We demonstrate a low power thermally induced optical bistability at telecom wavelengths and room temperature using a nanobeam photonic crystal cavity embedded with an ensemble of quantum dots. The nanobeam photonic crystal cavity is transfer-printed onto the edge of a carrier chip for thermal isolation of the cavity with an efficient optical coupling between the nanobeam waveguide and optical setup. Reflectivity measurements performed with a tunable laser reveal the thermo-optic nature of the nonlinearity. A bistability power threshold as low as 23 μW and an on/off response contrast of 6.02 dB are achieved from a cavity with a moderately low quality factor of 2830. Our device provides optical bistability at power levels an order of magnitude lower than previous quantum-dot-based devices.
Optical bistability is a widely studied nonlinear phenomenon characterized by hysteresis in output light intensity from incident light on a photonic medium.1 It has been proposed for use in various applications such as optical switches,2 memories,3 and differential amplifiers4 that utilize two stable electromagnetic states in the hysteresis of output light intensity. Large-scale integration of such applications requires optical nonlinearity at low power levels, sufficient modulation speeds, and photonic designs with small footprints that can be integrated with silicon photonic circuits.5 To achieve some of these requirements, different photonic platforms have been used to demonstrate low power optical bistability, including slab waveguide gratings,6 photonic crystal cavities,7 micropillars,8 and microring resonators9 using various nonlinear media such as saturable absorbers,10 Kerr nonlinearities,11 and thermo-optic materials.12–14 Among them, thermo-optic devices rely on thermally induced refractive index change, which results from heating in the medium due to optical absorption. This requires materials with high absorption coefficients and strong thermo-optic effects to realize low power optical bistability. It has been shown that the power threshold for thermally induced optical bistability can be reduced by incorporating an absorptive medium to nanophotonic architectures that have strong light and heat confinement in a small mode-volume.15–19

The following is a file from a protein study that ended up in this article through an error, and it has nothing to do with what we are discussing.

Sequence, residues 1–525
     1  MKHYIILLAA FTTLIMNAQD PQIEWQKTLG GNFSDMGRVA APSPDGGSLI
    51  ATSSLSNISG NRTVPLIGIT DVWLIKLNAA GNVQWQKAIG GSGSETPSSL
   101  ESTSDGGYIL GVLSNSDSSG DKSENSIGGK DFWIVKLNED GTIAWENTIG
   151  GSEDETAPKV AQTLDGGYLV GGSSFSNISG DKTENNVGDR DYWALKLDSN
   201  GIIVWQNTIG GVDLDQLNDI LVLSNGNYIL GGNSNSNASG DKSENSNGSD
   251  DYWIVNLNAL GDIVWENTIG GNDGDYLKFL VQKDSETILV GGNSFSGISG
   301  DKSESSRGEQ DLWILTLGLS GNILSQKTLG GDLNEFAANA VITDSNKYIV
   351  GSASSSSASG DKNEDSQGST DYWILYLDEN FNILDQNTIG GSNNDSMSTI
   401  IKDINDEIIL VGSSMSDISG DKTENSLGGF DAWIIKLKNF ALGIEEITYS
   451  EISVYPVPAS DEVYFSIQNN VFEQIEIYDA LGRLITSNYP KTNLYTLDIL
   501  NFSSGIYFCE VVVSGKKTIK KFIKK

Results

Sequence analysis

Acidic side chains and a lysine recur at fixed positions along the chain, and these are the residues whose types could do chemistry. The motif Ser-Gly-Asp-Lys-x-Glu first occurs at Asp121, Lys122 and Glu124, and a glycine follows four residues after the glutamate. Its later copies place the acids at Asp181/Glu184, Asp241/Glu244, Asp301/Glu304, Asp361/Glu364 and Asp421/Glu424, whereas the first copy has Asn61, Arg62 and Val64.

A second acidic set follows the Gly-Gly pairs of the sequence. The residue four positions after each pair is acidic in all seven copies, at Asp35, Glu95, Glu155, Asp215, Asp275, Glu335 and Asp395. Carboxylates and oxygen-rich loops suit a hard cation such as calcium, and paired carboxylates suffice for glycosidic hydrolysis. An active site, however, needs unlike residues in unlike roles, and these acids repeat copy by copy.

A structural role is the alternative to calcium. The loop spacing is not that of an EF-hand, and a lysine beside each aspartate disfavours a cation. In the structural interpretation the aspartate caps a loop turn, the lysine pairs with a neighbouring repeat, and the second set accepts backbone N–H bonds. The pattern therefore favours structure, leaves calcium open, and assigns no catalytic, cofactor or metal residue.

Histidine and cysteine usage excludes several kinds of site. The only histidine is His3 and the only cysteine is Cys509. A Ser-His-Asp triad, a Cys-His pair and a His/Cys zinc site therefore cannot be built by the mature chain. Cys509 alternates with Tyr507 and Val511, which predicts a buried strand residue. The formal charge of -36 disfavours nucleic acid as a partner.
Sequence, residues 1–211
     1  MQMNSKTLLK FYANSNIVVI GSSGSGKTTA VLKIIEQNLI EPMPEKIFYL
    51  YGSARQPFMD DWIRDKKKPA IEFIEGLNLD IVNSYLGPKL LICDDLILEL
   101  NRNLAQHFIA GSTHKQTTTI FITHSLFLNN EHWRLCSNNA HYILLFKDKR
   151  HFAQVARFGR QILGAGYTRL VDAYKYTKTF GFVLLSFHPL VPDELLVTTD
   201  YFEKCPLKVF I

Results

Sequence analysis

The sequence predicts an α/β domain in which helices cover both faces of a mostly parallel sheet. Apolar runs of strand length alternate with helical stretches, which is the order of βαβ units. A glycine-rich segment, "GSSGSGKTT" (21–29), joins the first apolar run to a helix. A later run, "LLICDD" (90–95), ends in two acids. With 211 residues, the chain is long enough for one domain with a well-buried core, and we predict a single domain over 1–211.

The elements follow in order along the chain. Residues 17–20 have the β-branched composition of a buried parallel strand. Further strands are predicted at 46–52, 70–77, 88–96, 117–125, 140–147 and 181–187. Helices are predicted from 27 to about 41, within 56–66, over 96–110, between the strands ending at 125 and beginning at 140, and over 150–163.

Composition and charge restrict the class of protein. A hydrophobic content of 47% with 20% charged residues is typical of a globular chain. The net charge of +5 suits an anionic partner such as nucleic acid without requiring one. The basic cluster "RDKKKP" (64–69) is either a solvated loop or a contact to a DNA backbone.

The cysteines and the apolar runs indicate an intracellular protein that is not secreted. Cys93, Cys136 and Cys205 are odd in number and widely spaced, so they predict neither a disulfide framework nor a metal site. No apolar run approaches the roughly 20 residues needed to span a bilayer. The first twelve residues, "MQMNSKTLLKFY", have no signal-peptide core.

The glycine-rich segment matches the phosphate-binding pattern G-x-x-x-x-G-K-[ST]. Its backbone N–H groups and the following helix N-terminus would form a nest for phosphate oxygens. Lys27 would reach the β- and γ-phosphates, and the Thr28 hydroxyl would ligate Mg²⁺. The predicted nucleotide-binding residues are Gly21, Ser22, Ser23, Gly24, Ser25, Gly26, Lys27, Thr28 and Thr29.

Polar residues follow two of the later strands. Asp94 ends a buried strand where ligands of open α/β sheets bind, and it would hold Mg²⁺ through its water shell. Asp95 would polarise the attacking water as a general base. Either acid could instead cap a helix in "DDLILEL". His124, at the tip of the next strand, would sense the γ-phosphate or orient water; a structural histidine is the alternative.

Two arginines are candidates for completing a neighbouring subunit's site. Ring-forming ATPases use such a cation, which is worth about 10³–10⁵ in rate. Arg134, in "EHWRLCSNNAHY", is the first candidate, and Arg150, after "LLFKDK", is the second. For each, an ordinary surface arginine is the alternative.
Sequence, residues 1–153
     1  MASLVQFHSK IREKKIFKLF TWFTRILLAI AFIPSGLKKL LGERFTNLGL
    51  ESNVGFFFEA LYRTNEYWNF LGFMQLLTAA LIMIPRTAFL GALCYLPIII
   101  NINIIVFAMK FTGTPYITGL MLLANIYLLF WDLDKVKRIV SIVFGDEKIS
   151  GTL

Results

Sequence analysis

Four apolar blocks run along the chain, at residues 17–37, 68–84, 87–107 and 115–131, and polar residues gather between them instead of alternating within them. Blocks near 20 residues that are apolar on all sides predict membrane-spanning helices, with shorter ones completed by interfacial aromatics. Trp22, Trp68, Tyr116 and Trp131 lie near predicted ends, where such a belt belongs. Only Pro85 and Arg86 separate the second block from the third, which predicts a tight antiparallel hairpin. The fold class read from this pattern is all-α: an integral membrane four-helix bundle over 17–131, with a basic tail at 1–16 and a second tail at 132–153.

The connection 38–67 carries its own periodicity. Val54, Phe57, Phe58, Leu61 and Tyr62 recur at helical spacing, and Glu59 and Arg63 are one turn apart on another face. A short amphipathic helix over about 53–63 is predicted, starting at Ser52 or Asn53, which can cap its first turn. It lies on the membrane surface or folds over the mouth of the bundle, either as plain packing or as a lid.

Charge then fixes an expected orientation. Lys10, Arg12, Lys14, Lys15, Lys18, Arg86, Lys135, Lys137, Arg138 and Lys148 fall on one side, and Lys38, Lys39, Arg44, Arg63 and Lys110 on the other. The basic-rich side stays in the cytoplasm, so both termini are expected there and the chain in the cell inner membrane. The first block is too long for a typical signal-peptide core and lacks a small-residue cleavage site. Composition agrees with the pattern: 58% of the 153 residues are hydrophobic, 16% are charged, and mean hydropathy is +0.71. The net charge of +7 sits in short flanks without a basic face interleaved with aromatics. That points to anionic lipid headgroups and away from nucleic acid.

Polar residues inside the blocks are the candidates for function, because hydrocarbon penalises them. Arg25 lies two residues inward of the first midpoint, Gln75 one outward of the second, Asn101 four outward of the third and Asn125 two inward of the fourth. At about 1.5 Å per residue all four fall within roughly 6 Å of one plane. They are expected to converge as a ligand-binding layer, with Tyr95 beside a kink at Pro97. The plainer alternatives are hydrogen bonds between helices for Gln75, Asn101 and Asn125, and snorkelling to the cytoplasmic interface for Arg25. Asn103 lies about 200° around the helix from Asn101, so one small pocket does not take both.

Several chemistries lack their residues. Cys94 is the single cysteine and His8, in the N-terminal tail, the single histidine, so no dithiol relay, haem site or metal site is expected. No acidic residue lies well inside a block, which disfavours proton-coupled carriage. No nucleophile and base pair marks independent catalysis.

Semiconductor quantum dots are promising candidates as an absorptive medium for generating thermally induced optical bistability. They exhibit high absorption coefficients that can efficiently convert light to heat.12,20 They are grown embedded in a dielectric substrate, which can be lithographically patterned into nanophotonic designs that can enhance optical nonlinearities from quantum dots.8,12,21,22 They have strong free carrier confinement with a small diffusion length,23 which can increase the rate of thermal escape of carriers inside the small mode-volume of nanocavities. The previous realizations of optical bistability using quantum dots have been demonstrated in micropillar cavities8 and 2D photonic crystal cavities.12 However, these realizations failed to enhance the thermo-optical properties of quantum dots by either suppressing the thermal effects in cryogenic cooling8 or relying on poor thermal isolation in 2D photonic crystal cavities,12 which resulted in much higher power thresholds for optical bistability compared to other materials.18 On the other hand, 1D photonic crystal nanocavities were used to demonstrate thermally induced optical bistability in silicon at power levels as low as a few microwatts due to efficient confinement of light and heat in a small mode-volume.18 A better light and heat confinement can substantially improve thermo-optical nonlinearities from nanocavities with quantum dots.
In this work, we experimentally demonstrate a quantum-dot-based, thermally induced optical bistability with a power threshold as low as 23 μW. We achieve the low-power optical bistability by embedding quantum dots in an air-suspended nanobeam photonic crystal cavity, which enables both optical and thermal confinement in a small region. We verify the thermal nature of the optical bistability through the reflectivity measurements at different incident powers. Our device works at room-temperature and operates at telecom wavelengths, making it an ideal candidate for a compact and efficient optical nonlinear platform with the potential for hybrid integration with silicon photonics.
Figure 1 illustrates the design for nanobeam photonic crystal cavity. The device consists of a one-dimensional air-cladded GaAs nanobeam photonic crystal cavity with an adiabatic waveguide taper in one side for outcoupling to an objective lens [Fig. 1(a)]. The cavity is realized by tapering and shifting inner 12 holes between two outer photonic crystal mirrors using finite-difference time-domain (FDTD) simulations. The number of mirror holes on the right mirror segment, , is reduced up to 4 to enable light to couple into the cavity from one-side. The number of mirror holes on the left mirror segment, , is kept at 9 to be fully reflective toward the tapered side of the nanobeam waveguide. For , simulated quality factor for the cavity resonance at 1280 nm is 229 250. Figure 1(b) shows the fundamental mode profile of the cavity and the Gaussian far field mode profile from the nanobeam taper. Fundamental mode profile shows that mode volume is confined in a small region of . The adiabatic taper at the end of nanobeam waveguide is designed to have a Gaussian mode profile in far field simulation for efficient coupling to an objective lens. Far field mode profile has a coupling efficiency over 90% to the objective lens with a numerical aperture (NA) of 0.7 depicted as white dashed lines in Fig. 4(b).